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Phillies First Half Infographic

As the All-Star festivities have quieted and teams officially turn their full attention toward the proverbial second half of the season, I went back through the 2016 Phillies’ season from April to the All-Star break to put together a first half infographic for those visually inclined, like myself.

The season, in my eyes, could be split into four distinct parts: an “Oh no not this again” 0-4 start fueled by a disastrous bullpen, a five-week run as the most surprising team in baseball highlighted by an .875 winning percentage in 16 one-run games, the subsequent regression to the mean, and the current stretch of surprisingly potent hitting. Enjoy.

First Half Infographic

All suggestions, comments and concerns are welcome.

Severino Gonzalez, Flamethrower

In a somewhat problematic admission as it relates to my baseball writing career, I’m still fairly new to the sport. I didn’t actually start following along until the end of my freshman year of college, and as I’m oft to mention, the first game I watched from start to finish was Game 5 of the 2011 NLDS. As someone from South-Eastern Pennsylvania, that’s not an ideal first memory.

However, I caught on, and as a result of this late start, I’ve always had a fascination with likely-fungible-relief-arm Severino Gonzalez. A great story (a $14,000 signing as an undersized 18-year old in Panama), he was putting up video game numbers in the waning Venezuelan Summer League in 2012, and the low minors in 2013, as I was gaining an understanding of the Minor Leagues and the prospect industry. I didn’t *really* have an appreciation of the relationship between advanced command and low-minors video game numbers, so despite his size and lack of inherent stuff, he always seemed like an overlooked and underrated prospect.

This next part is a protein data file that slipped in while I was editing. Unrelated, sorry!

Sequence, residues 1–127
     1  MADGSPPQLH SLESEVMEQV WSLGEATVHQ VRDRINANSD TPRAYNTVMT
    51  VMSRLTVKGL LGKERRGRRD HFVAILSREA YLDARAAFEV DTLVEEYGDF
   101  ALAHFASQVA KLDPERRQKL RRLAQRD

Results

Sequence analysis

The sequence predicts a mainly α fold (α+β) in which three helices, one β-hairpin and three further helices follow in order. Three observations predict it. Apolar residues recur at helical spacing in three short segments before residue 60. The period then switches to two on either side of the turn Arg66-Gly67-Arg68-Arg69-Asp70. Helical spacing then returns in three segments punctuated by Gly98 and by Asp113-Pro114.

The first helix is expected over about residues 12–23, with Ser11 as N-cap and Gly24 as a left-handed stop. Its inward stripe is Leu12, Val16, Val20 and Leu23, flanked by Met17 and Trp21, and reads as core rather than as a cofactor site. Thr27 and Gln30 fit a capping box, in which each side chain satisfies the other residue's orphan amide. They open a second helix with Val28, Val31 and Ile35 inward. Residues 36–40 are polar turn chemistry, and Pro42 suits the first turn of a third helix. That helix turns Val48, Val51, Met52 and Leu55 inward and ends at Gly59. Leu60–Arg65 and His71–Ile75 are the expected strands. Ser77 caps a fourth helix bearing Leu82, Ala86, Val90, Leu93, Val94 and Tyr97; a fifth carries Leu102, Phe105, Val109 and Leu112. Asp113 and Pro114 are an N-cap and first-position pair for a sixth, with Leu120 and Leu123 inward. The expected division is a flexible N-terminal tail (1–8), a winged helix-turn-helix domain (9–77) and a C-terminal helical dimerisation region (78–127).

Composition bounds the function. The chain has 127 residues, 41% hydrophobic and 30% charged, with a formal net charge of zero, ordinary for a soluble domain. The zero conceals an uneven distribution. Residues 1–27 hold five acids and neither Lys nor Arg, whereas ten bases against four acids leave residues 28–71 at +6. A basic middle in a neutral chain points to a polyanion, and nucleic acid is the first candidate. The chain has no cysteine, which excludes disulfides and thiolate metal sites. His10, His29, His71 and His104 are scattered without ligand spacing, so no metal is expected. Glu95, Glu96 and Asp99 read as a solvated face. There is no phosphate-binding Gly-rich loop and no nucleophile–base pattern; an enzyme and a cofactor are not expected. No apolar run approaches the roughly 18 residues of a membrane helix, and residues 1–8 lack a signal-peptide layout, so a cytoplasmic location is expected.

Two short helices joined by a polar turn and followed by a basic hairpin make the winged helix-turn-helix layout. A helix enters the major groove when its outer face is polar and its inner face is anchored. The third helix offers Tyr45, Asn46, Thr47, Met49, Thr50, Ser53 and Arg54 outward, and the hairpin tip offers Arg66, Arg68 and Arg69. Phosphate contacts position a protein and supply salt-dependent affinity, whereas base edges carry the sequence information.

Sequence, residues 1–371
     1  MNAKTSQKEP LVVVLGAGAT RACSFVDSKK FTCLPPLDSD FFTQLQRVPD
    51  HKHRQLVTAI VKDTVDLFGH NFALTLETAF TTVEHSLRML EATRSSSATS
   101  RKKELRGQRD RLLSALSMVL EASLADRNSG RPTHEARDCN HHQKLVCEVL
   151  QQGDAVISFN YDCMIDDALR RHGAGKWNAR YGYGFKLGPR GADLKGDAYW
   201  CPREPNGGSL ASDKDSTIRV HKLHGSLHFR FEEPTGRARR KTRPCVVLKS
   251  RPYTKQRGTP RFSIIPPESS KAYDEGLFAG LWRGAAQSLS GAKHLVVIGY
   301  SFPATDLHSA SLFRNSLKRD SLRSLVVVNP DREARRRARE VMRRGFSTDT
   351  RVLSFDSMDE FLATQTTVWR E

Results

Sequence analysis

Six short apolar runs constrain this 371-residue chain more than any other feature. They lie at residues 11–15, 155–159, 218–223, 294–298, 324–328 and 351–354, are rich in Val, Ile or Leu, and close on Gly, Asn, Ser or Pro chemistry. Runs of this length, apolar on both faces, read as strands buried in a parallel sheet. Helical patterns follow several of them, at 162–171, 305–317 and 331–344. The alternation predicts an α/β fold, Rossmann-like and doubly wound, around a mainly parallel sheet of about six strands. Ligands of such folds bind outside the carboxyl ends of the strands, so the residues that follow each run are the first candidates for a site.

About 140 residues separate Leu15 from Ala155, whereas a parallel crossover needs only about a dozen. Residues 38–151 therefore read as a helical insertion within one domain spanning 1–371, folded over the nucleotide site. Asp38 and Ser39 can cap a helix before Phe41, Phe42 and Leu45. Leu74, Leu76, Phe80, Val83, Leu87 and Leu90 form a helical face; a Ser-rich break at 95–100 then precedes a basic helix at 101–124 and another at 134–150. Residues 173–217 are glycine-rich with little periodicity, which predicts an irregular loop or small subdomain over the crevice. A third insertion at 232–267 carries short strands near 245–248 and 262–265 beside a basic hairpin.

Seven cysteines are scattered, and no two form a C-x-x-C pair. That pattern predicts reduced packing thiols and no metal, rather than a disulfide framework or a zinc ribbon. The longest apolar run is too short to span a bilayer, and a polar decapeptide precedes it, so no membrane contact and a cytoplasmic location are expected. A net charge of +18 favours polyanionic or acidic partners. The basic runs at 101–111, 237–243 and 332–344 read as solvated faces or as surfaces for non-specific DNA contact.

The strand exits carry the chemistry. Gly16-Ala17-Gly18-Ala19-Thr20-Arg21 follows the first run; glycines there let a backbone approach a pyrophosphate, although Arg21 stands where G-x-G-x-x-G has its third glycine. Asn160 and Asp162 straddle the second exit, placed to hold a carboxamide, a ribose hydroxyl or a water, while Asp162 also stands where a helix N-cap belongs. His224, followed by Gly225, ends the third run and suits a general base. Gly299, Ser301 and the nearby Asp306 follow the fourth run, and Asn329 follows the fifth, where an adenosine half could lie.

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Graph of the Intermittent Time Period

We haven’t done one of these in a while, which I guess is why I call it an “intermittent time period”. Cole Hamels starts for the Phillies tonight in San Francisco opposite Madison Bumgarner. The Phillies are on their heels after back-to-back shutouts at the hands of Dodgers starters Clayton Kershaw and Zack Greinke, which really isn’t anything to be embarrassed about. They could be shut out for a third consecutive game against Bumgarner, which would mean Hamels isn’t likely to get any run support. Stop me if you’ve heard that one before.

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2014 Phillies Report Card: Cole Hamels

From way out west there was this fella I wanna tell ya about. Goes by the name of Cole Hamels. At least that was the handle his loving parents gave him, but he never had much use for it himself. See, this Hamels, he called himself “Hollywood”, (does anyone still call him that?). Now, “Hollywood” – there’s a name no man would self-apply where I come from, (no politician here in DC ever wants to be labeled as “Hollywood”). But then there was a lot about Hollywood that didn’t make a whole lot of sense, (his baffling change-up, for the most part). And a lot about where he played, likewise, (their reluctance to come into the modern age of player analytics, among many, many, many other things). But then again, maybe that’s why I found the place so darned frustratin’.